MR. EARNEST: Well, Jon, as you know, the President does have on occasion the opportunity to speak with Republican leaders in Congress. We don't read out every single conversation that occurs between those two leaders. Occasionally, we've found that it's more productive for those conversations to be kept confidential.
But certainly the expectation that we have is that Speaker Boehner and Leader McConnell will engage in conversations with Democratic leaders in Congress; that ultimately it is the responsibility of Congress to pass a budget. Both Speaker Boehner and Leader McConnell have attempted to pass legislation strictly along party lines to fund the government, but those efforts have not yielded legislation that's arrived on the President's desk. And that means that, ultimately, Leader McConnell and Speaker Boehner are going to have to confront the differences that they have with Democrats in Congress before any legislation will arrive at the President's desk.
We've encouraged them to do that, and we've also made clear our willingness to facilitate those conversations, to contribute to them so that whatever bipartisan agreement is able to be reached would be one that the President is willing to sign.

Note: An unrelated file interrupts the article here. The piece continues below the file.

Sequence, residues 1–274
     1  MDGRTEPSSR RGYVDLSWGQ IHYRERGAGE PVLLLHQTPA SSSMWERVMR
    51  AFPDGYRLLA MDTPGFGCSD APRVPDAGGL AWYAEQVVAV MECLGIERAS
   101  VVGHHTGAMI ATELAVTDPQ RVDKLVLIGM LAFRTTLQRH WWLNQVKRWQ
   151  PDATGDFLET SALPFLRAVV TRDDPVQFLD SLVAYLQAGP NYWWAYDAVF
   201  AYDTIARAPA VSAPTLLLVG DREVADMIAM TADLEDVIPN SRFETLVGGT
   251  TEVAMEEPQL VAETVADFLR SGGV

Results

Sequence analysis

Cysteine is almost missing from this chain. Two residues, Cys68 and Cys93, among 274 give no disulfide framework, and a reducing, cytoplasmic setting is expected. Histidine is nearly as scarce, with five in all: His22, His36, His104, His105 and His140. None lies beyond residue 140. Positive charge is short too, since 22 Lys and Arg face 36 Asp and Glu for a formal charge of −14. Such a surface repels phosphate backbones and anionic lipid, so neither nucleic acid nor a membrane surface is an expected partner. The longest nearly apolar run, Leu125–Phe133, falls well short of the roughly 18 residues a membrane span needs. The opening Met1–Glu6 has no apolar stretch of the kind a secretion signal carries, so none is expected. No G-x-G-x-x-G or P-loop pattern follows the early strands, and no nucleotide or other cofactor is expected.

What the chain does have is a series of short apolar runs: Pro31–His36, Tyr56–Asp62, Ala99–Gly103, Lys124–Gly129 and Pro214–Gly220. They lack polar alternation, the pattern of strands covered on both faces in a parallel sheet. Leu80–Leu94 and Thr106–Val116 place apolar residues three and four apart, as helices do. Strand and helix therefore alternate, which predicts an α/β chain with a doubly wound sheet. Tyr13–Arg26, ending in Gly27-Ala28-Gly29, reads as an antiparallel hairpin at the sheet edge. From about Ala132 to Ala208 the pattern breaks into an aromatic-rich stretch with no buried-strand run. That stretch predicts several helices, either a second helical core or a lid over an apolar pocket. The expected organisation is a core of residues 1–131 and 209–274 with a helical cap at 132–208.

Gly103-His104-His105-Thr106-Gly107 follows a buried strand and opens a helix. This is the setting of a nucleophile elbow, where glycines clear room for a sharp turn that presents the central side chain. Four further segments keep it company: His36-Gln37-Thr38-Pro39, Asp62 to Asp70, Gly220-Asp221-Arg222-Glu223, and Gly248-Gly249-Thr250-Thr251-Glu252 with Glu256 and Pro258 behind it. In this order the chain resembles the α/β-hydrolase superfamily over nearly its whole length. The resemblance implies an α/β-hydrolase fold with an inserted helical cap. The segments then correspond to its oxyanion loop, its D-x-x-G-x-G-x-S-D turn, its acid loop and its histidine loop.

Q: Okay. And then quickly on Putin -- you said Putin requested the meeting. Did he say why?
MR. EARNEST: Well --
Q: Because obviously a lot of things to talk to Vladimir Putin about. Did he say why he wanted to speak with the President?
MR. EARNEST: Well, I'd refer you to the Kremlin for their explanation about why President Putin would like to meet with President Obama. I think I've tried to make clear to you why President Obama believes that a conversation with President Putin could be useful.
Q: Okay, well the Kremlin has been quite forthright in saying that, first of all, that Putin wanted a meeting, being the first to be out there to say the meeting would happen, and then now the only one to tell us exactly when that meeting is supposedly taking place. Was the President kind of reluctant to take this meeting? It seems like the Kremlin has been certainly more forthcoming in talking about it.
MR. EARNEST: I think some might conclude that that means the Russians are --
Q: More transparent? (Laughter.)
MR. EARNEST: Well, or --
Q: I'm just kidding.
MR. EARNEST: I know, I know, it's okay. Or more desperate, right?
Q: But is he more eager to have this meeting?
MR. EARNEST: They certainly -- I think it is fair for you to say that based on the repeated requests we've seen from the Russians, that they are quite interested in having a conversation with President Obama. And after, I think what I would acknowledge, is some careful consideration on our end, the President did make a decision that it was worth it at this point to engage with President Putin in a face-to-face meeting to see if the interests of the United States could be advanced in the context of those conversations.